Overload resolution simplification

Maurizio Cimadamore maurizio.cimadamore at oracle.com
Fri Aug 16 03:16:21 PDT 2013

On 16/08/13 00:36, Ali Ebrahimi wrote:
> I think this can also happen in non-lambda world.
> Can you show some example that how this may happen for comparing?
I don't think you even need comparing to get to that; if your strategy 
is: type-check the lambda against each possible target (hence, multiple 
times) and reject each target whenever the lambda cannot be type-checked 
against that target, it means that overload resolution depends on errors 
in the body of the lambda. Example:

interface Function<X, Y> {
    Y m(X x)

m(Function<String, Integer> f)
m(Function<Integer, Integer> f)


so, you take the lambda, try to check it using F<S, I> as a target - you 
get an error, as there's no member called intValue() in String - so you 
rule out the first candidate. Then you check the second method, and 
everything is fine. So you pick the second - you don't even get to most 
specific, as the first is not applicable.

This seems relatively straightforward - but what if the body was:

m(x-> SomeClass.g(x))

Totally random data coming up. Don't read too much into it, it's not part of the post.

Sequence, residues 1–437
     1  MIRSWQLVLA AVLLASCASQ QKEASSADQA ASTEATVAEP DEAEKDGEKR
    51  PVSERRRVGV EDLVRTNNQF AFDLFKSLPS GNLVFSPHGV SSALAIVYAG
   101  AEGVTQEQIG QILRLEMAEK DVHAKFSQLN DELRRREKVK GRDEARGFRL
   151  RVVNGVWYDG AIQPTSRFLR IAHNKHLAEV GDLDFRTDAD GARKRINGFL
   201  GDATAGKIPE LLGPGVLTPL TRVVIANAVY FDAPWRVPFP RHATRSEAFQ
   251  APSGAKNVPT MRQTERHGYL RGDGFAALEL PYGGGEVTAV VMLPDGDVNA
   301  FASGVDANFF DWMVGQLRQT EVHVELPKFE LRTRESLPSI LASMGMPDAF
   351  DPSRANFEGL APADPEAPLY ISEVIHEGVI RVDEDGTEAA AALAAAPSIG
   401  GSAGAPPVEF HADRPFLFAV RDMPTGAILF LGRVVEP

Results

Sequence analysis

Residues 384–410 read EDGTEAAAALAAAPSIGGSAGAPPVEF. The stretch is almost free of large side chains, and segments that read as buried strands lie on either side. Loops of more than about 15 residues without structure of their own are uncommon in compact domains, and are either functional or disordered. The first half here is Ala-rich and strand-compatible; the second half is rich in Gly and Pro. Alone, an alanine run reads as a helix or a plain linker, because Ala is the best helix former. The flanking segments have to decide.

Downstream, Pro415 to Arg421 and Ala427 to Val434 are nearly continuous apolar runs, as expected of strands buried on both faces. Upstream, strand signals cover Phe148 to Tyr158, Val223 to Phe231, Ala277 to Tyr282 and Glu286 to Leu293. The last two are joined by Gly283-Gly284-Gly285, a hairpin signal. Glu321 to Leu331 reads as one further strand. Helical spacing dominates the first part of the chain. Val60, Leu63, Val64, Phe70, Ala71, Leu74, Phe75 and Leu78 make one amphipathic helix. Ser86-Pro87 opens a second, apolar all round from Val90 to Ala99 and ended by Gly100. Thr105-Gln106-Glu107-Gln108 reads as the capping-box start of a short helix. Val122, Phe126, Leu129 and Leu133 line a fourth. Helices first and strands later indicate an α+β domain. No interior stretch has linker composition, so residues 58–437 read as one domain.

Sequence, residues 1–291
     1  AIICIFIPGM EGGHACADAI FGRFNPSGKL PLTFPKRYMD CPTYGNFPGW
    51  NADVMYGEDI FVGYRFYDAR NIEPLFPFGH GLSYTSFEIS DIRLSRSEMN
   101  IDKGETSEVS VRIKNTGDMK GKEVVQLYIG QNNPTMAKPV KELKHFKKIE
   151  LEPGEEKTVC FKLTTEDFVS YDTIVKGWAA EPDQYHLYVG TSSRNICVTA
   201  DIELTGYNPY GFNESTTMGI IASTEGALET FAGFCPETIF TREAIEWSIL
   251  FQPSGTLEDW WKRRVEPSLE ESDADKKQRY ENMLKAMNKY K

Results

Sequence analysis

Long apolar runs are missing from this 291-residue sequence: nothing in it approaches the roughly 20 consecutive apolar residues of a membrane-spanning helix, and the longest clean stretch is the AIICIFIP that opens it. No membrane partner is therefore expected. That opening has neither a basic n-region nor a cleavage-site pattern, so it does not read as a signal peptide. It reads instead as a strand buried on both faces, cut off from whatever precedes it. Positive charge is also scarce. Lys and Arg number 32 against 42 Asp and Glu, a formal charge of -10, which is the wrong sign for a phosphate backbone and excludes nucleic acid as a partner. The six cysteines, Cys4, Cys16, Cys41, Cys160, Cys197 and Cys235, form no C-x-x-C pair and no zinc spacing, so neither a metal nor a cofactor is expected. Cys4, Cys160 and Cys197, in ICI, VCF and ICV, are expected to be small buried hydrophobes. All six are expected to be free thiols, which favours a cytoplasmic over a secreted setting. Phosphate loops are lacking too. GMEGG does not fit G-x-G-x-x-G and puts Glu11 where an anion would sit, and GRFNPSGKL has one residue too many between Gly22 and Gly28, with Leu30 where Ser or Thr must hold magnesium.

well, now the fact that the lambda can be type-checked depends on the 
fact that we can resolve 'g' with a given parameter type; which 
ultimately means that the 'm' method that will be picked will depend on 
which methods are available in SomeClass. Add one more method there and 
you can get a different behavior (as resolution for 'g' might change, as 
it could have i.e. a different most specific)! Now, if we play devil's 
advocate, we can argue that if some code has this statement:


Its semantics (i.e. which method get choosen) is always going to depend 
on the set of methods available on SomeClass. And, even if we do this:


we are going to get different selection of f, based on g's most specific.

But there's I think, an important distiction to be made: in the lambda 
case you basically don't know what the type of x is. In the other two 
cases, the type of the actual argument will be well known. So, I think a 
lot of the discomfort over the lambda case is coming from the fact that 
the user will have to reason about _two_ processes happening in 
parallel: the selection of the lambda parameter type 'x' and the 
selection of the innermost overload candidate 'g'. There's an interplay 
between the two process that is very subtle - one might argue that 90% 
of the times user won't even have to know about that - but what about 
that 10% of the times? Will the user have the right mental model to even 
reason about the problem at hand?

What the compiler is asking now, basically let you fall back into a 
world we know - if you want to compile a code like that, you need to put 
a type on your lambda parameter; 'x' will become statically known (w/o 
inference) so that all the nasty overload selection in the guts of the 
lambda body will be just as nasty as before - but not worse.


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